Zero-Based Budgeting

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Zero-Based Budgeting

The roots of Zero-based budgeting can be traced to 1970s.  In ZBB, approval is required for all items to be budgeted for. Since approval is required for all budget items, this means that everything starts from zero-base. Fresh decisions have to be made every financial year.

Pete Pyhrr, the then accounting manager at Texas Instruments introduced the Zero Based Budgeting. He realized that specific budget items are allocated money every year without checking whether that item is real required.

After making this discovery, he asked Georgia governor Jimmy Carter to allow him to manage the state budget. He subsequently authored a guide titled: “Zero Based Budgeting: A practical Management Tool for Evaluating Expenses.”
Zero-Based Budgeting is a process that complements the existing methods for planning and budgeting process. This is an efficient method of utilizing resources.

Many people have misconceptions that zero-based budgeting can cut a budget into small ribbons. That is not the case because everything depends on what the firm or government body wants to achieve.

Analysts have observed that to implement a Zero-based budget requires a team to handle the transition because the process can slow down activities.

Zero based budgeting is universal and can be applied on any type of cost. This method of budgeting has numerous advantages such as:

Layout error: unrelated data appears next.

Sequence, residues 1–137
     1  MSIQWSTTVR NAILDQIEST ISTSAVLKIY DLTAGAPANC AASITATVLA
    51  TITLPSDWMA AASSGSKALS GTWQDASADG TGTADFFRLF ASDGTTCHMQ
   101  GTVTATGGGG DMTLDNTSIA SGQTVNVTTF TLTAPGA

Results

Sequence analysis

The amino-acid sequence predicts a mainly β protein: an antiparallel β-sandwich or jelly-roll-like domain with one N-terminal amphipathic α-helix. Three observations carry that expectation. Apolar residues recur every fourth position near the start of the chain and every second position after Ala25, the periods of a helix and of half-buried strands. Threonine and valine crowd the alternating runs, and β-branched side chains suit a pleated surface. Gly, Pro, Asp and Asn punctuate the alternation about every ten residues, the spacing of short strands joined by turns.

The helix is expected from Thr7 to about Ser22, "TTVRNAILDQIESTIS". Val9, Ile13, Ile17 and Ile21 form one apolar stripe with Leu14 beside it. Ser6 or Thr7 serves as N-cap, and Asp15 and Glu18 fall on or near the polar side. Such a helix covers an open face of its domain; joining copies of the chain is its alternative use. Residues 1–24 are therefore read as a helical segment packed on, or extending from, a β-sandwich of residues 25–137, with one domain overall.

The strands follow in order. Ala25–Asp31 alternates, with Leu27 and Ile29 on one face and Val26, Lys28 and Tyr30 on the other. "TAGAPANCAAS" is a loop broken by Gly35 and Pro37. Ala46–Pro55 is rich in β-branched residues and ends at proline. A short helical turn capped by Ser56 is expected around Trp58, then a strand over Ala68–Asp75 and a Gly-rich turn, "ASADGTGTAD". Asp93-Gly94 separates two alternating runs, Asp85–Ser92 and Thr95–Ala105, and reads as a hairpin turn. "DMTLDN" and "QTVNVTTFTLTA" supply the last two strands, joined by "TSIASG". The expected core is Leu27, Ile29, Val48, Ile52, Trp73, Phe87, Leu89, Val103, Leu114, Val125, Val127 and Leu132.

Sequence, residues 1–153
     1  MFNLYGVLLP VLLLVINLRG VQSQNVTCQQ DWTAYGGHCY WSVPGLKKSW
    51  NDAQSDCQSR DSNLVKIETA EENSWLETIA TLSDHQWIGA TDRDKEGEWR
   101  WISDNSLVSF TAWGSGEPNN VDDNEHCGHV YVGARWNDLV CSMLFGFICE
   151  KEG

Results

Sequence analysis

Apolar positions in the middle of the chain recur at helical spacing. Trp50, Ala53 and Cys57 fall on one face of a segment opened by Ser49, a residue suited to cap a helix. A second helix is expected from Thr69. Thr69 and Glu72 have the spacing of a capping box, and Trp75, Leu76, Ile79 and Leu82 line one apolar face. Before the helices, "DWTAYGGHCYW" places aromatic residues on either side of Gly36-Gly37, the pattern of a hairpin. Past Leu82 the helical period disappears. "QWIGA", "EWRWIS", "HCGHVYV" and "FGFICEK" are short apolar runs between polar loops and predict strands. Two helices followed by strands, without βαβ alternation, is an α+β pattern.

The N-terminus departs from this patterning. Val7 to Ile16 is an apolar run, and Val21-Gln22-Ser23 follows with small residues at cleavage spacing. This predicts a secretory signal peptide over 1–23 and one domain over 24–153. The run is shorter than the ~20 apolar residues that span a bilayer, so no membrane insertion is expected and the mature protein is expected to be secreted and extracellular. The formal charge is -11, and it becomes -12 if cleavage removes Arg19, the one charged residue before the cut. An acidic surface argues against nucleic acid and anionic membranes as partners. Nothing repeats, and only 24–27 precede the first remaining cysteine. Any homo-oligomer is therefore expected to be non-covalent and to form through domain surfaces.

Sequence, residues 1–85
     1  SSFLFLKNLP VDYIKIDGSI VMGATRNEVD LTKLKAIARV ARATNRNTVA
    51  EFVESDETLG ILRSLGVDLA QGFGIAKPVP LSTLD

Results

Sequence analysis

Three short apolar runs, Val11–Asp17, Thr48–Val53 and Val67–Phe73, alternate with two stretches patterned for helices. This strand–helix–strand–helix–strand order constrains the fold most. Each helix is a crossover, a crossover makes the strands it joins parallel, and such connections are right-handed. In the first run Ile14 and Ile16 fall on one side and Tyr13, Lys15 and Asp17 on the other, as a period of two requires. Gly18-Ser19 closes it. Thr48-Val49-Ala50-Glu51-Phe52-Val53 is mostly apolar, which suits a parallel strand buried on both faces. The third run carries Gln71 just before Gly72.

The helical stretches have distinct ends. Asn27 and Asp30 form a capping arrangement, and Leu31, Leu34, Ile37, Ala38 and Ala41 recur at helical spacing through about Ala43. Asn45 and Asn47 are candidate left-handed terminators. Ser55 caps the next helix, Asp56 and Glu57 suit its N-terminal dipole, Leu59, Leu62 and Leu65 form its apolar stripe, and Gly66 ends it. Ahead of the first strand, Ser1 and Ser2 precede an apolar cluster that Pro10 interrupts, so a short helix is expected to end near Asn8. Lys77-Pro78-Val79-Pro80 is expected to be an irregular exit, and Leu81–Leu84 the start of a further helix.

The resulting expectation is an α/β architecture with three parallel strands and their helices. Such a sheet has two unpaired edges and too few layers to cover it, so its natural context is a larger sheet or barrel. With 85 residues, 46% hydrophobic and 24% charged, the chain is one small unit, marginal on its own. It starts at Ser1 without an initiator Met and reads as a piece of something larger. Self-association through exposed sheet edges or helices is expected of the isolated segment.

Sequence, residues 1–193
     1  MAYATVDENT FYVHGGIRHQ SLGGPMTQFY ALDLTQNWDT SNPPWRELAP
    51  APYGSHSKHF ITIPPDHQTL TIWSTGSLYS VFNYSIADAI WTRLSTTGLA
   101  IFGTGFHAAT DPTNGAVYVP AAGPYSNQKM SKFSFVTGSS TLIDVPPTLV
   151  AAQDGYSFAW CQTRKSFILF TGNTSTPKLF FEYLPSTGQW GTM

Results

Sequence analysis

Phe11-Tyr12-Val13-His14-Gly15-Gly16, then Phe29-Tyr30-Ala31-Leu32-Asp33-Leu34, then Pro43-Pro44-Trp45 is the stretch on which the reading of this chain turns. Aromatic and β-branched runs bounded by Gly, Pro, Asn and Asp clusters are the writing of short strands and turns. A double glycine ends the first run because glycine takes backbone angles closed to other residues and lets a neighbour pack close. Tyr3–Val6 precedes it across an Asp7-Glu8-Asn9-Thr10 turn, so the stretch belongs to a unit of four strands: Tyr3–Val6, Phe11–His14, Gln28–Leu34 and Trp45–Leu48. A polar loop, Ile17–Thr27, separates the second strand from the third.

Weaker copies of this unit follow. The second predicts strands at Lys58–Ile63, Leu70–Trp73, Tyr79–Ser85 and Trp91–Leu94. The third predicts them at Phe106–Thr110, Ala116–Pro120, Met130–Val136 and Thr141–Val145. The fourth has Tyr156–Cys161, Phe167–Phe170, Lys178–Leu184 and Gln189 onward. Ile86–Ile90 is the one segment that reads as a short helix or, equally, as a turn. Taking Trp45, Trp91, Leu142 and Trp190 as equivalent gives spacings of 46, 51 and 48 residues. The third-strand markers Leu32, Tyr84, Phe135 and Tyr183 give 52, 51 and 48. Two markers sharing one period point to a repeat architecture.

1. ZBB promotes good communication and coordination within departments because all employees are engaged in decision-making.
  2. It promotes accuracy in all departments since companies or bodies are required to evaluate all departments.
  3. ZBB reduces wastage during expenditure.

There are a number of disadvantages associated with Zero Based Advantage. One, the method requires a lot of time, analysis and effort to implement as a result of bureaucracy. The result can led to being counter-productive as departments try to cut costs.

Second, Zero Based Budgeting can lead to corruption because shrewd departmental managers may present fake figures to convince management to allocate more resources to them.

Third, Zero Based Budgeting requires extra training for managers. There is no shortcut in understanding how zero-based budgeting works.

Finally, slow rate of response will have an impact on the effectiveness of implementing the entire process.

ZERO-BASED BUDGETING
ZERO-BASED BUDGETING

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Editor-in-Chief

Geoffrey Kerosi is a prolific economics writer and an avid reader in economics, finance, business, politics and technology.

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